Back to the brave 5,000. Oddly, these souls walk away with a phenomenal 60 percent of wins in the form of remands, reversals and (hold your breath) admissions of misfeasance (no blame attached), stupidity on the part of VLJs( no names), and mutually agreed upon contracts where VA barters, grants or partially fulfills your claim with no admission of guilt. This is what you never hear. This is the dirty little secret in the closet that vA will never admit to. They screw up. A lot. And this is where It finally gets fixed.
Before I’d ever heard of the Veterans Benefits Manual (VBM), and even before I knew how the system worked, I noticed that remands from the Court seemed to disappear. It stands to reason that when the Court sends something down to BVA for a do over, it would resurface like a bobber after a bass strikes it. No bobber equals fish on. I surmised (rightly) that an accommodation had been made by the parties. If you had 5 years invested into an appeal and you got a remand back to the BVA (purgatory for a while), it’s not likely you’d throw in the towel this late. Of course there is the distinct possibility that you died, but we won’t discuss that today.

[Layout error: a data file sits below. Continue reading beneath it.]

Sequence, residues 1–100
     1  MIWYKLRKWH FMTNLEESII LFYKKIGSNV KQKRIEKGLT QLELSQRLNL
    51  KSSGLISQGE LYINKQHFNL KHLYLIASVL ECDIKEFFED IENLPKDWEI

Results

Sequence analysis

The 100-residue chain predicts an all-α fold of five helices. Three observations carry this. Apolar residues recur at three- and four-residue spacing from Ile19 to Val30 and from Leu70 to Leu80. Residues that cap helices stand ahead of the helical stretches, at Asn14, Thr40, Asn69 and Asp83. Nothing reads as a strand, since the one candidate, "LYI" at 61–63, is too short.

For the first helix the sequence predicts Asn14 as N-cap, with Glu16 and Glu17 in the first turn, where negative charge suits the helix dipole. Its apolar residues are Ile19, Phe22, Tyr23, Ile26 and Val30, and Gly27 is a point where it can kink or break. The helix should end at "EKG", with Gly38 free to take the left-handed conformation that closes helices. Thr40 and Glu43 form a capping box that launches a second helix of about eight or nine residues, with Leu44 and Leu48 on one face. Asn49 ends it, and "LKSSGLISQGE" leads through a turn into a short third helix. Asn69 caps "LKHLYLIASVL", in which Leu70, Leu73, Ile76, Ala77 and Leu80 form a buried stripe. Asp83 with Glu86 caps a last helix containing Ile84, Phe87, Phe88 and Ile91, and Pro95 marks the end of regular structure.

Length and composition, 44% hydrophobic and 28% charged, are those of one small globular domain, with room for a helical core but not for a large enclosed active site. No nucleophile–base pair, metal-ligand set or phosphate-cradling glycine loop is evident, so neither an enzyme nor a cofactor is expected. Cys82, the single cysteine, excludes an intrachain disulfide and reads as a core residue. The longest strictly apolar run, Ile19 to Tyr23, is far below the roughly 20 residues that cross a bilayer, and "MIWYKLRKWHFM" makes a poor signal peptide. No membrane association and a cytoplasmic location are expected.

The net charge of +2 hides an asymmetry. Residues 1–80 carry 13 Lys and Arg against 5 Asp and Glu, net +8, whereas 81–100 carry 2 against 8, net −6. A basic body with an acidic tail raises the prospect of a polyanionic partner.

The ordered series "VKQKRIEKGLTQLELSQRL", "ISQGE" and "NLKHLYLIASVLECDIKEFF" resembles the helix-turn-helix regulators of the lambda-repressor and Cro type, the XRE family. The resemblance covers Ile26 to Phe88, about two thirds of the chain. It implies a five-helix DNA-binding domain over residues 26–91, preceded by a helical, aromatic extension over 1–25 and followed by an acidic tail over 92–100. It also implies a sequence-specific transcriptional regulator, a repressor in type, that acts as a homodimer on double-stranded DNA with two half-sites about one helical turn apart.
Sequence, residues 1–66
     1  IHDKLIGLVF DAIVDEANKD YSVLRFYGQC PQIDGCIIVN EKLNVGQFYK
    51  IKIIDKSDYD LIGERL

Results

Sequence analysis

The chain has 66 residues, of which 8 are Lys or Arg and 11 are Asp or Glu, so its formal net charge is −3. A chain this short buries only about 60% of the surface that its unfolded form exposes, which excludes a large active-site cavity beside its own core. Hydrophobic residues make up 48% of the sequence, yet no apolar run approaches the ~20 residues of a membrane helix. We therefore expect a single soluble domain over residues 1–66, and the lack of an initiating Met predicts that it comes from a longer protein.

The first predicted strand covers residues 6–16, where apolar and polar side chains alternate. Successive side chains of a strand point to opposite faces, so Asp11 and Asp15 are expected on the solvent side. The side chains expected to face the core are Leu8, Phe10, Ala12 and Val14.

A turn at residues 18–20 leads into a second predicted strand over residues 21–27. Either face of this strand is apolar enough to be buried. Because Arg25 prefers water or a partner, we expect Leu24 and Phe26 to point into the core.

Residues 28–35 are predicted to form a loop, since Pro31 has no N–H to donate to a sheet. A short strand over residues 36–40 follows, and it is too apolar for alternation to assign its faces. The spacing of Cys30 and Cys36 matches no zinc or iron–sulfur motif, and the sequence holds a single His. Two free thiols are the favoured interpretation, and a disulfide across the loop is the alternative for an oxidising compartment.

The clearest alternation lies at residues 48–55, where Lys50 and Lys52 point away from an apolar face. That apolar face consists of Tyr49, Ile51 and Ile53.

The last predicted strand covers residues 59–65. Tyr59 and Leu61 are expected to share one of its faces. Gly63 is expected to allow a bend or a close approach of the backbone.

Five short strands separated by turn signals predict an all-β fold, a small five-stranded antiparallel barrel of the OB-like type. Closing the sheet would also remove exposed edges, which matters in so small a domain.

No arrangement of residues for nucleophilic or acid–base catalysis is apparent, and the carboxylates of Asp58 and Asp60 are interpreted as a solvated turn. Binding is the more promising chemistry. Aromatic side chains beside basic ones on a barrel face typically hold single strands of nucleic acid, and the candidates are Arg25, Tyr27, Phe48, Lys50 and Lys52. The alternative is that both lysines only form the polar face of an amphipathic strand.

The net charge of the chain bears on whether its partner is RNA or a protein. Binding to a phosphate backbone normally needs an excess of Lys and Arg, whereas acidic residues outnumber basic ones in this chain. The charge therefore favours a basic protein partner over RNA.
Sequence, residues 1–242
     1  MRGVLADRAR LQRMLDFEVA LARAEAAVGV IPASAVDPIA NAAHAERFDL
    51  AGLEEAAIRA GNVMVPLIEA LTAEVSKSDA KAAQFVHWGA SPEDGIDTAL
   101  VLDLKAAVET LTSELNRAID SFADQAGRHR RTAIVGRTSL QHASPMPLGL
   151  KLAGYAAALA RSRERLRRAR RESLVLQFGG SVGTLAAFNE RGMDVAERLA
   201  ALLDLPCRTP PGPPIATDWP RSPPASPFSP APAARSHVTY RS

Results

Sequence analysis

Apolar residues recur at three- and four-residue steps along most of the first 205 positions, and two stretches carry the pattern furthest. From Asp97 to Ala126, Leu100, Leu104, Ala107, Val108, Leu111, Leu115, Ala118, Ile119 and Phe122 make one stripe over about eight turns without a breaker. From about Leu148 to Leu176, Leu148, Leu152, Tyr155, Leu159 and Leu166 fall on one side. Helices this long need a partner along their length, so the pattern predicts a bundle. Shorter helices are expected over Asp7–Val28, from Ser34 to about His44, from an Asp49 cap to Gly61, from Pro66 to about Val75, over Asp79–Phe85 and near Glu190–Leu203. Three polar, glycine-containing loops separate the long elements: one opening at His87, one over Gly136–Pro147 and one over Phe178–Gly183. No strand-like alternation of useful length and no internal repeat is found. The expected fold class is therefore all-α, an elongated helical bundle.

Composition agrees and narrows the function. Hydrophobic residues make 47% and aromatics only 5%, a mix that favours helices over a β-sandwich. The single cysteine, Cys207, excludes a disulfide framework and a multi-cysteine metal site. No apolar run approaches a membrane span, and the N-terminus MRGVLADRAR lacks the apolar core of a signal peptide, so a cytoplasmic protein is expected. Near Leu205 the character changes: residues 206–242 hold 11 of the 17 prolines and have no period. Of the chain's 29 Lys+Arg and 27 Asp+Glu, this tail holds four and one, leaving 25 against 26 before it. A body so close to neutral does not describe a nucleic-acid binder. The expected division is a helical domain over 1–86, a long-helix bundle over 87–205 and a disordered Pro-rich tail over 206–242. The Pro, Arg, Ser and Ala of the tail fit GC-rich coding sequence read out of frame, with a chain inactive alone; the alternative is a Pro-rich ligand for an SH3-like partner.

While studying up on why and how I’m going to kick ass and take names, I have been hitting the VBM heavily and now I see a chasm between what I hear at some of these other Veterans websites and what is written by the same pro bono attorneys who will be representing any of you who arrive there without one (and no desire to pay one the going rate of 20%). It is common knowledge at 625 Indian Ave. NW and down at 810 Vermin Ave. NW that the practice of horse-trading is alive and well in 2012. If this is so prevalent, why is it such a well-kept secret that it requires the secret handshake and a password to get in? We will be studying this phenomenon in next few weeks to acquaint you with it. We are going to reveal the password and handshake and expose the truth.
Unfortunately, I have to go to my grandson Conner’s soccer game right now or I would splash the exposé. I’m a closet soccer Granddad. News and film at Six.
Whoa! These just in from our cameraman on-scene at the game.